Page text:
> the "load" operation, just like we do when the interrupt actually fires.
> If the timer has a pending virtual interrupt at this stage, then we
> can safely flag the physical interrupt as being active, which prevents
> spurious exits.
> 
> Signed-off-by: Marc Zyngier <marc.zyngier@arm.com>
> ---
>  virt/kvm/arm/arch_timer.c | 15 ++++++++++++---
>  1 file changed, 12 insertions(+), 3 deletions(-)
> 
> diff --git a/virt/kvm/arm/arch_timer.c b/virt/kvm/arm/arch_timer.c
> index 7449651ae2e5..70c18479ccd5 100644
> --- a/virt/kvm/arm/arch_timer.c
> +++ b/virt/kvm/arm/arch_timer.c
> @@ -487,12 +487,21 @@ static inline void set_timer_irq_phys_active(struct arch_timer_context *ctx, boo
>  static void kvm_timer_vcpu_load_gic(struct arch_timer_context *ctx)
>  {
>  	struct kvm_vcpu *vcpu = ctx->vcpu;
> -	bool phys_active;
> +	bool phys_active = false;
> +
> +	/*
> +	 * Update the timer output so that it is likely to match the
> +	 * state we're about to restore. If the timer expires between
> +	 * this point and the register restoration, we'll take the
> +	 * interrupt anyway.
> +	 */
> +	kvm_timer_update_irq(ctx->vcpu, kvm_timer_should_fire(ctx), ctx);
>  
>  	if (irqchip_in_kernel(vcpu->kvm))
>  		phys_active = kvm_vgic_map_is_active(vcpu, ctx->irq.irq);
> -	else
> -		phys_active = ctx->irq.level;
> +
> +	phys_active |= ctx->irq.level;
> +
>  	set_timer_irq_phys_active(ctx, phys_active);
>  }
>  
> -- 
> 2.20.1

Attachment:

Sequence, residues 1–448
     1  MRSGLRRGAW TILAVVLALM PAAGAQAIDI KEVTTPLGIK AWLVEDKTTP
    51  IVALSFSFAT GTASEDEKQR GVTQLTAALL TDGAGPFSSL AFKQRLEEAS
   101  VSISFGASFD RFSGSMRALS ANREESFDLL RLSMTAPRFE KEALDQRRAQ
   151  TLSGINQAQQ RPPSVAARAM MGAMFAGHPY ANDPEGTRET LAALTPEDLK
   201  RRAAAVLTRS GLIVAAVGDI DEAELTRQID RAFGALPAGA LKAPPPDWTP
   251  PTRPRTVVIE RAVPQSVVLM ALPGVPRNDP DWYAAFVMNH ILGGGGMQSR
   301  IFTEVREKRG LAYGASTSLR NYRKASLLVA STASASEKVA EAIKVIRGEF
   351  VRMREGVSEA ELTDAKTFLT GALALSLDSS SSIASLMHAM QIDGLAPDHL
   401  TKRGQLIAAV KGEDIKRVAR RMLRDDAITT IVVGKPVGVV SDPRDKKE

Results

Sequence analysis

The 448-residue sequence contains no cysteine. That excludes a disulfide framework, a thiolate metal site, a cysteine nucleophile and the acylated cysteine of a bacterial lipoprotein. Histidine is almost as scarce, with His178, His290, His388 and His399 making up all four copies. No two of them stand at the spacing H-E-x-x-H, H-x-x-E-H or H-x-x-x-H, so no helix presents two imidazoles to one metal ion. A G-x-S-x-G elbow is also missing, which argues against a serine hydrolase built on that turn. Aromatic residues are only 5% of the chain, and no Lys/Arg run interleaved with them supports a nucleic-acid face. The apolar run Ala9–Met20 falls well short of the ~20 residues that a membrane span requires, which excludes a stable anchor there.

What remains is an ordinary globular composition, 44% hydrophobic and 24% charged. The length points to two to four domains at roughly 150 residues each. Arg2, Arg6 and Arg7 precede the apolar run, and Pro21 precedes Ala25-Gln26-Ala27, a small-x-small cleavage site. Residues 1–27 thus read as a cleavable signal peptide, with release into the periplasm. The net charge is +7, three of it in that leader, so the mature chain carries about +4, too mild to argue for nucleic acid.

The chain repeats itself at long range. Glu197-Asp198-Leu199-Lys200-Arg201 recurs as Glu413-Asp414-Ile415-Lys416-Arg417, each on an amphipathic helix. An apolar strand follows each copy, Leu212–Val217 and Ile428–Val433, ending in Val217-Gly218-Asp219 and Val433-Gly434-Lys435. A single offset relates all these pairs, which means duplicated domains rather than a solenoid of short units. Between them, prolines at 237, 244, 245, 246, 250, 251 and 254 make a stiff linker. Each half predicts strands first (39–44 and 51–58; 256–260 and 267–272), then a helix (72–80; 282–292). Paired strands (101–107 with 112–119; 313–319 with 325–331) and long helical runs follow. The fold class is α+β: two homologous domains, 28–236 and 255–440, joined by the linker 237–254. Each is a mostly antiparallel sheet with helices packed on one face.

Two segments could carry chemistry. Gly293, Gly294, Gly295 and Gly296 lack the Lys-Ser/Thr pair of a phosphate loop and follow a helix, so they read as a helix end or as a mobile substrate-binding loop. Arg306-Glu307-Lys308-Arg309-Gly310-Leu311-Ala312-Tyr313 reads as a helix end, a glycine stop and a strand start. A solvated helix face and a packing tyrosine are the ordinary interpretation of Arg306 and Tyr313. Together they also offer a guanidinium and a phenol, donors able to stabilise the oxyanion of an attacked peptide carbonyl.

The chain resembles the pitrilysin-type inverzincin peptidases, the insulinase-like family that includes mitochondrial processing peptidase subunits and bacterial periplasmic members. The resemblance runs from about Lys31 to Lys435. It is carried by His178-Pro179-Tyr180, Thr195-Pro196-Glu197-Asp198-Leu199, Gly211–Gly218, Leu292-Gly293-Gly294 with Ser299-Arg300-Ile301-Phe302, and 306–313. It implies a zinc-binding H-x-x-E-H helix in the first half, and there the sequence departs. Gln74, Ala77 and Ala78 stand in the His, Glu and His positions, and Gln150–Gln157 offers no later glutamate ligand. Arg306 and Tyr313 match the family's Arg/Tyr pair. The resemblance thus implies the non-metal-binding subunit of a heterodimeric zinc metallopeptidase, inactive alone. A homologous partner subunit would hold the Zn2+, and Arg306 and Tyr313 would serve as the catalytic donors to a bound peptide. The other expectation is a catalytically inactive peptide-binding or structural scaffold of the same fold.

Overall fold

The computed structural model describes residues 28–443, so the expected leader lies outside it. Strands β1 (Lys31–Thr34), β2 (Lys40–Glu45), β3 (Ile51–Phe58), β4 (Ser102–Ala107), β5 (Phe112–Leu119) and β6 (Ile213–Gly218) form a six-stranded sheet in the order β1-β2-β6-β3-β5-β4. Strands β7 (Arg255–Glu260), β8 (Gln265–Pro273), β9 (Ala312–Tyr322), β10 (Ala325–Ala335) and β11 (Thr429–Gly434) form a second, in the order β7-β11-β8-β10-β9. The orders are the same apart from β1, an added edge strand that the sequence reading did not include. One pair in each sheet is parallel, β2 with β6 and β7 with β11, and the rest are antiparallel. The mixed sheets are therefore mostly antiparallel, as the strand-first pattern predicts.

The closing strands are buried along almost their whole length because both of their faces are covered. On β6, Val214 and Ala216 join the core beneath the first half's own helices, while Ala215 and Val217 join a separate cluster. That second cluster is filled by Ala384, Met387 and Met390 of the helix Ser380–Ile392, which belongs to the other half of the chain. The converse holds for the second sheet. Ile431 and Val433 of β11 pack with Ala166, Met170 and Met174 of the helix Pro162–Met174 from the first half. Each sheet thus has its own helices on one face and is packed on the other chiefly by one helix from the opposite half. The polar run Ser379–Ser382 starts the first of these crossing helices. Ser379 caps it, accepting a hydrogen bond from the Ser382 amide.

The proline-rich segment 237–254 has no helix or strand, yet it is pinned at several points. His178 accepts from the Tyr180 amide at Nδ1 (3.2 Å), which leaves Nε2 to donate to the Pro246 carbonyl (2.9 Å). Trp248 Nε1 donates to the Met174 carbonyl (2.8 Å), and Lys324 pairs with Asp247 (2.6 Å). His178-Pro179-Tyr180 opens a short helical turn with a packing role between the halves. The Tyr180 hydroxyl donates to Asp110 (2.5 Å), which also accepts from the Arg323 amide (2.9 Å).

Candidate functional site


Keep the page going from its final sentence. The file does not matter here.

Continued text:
> 
Reviewed-by: Christoffer Dall <christoffer.dall@arm.com>

Patch
diff mbox series

diff --git a/virt/kvm/arm/arch_timer.c b/virt/kvm/arm/arch_timer.c
index 7449651ae2e5..70c18479ccd5 100644
--- a/virt/kvm/arm/arch_timer.c
+++ b/virt/kvm/arm/arch_timer.c
@@ -487,12 +487,21 @@  static inline void set_timer_irq_phys_active(struct arch_timer_context *ctx, boo
 static void kvm_timer_vcpu_load_gic(struct arch_timer_context *ctx)
 {
 	struct kvm_vcpu *vcpu = ctx->vcpu;
-	bool phys_active;
+	bool phys_active = false;
+
+	/*
+	 * Update the timer output so that it is likely to match the
+	 * state we're about to restore. If the timer expires between
+	 * this point and the register restoration, we'll take the
+	 * interrupt anyway.
+	 */
+	kvm_timer_update_irq(ctx->vcpu, kvm_timer_should_fire(ctx), ctx);
 
 	if (irqchip_in_kernel(vcpu->kvm))
 		phys_active = kvm_vgic_map_is_active(vcpu, ctx->irq.irq);
-	else
-		phys_active = ctx->irq.level;
+
+	phys_active |= ctx->irq.level;
+
 	set_timer_irq_phys_active(ctx, phys_active);
 }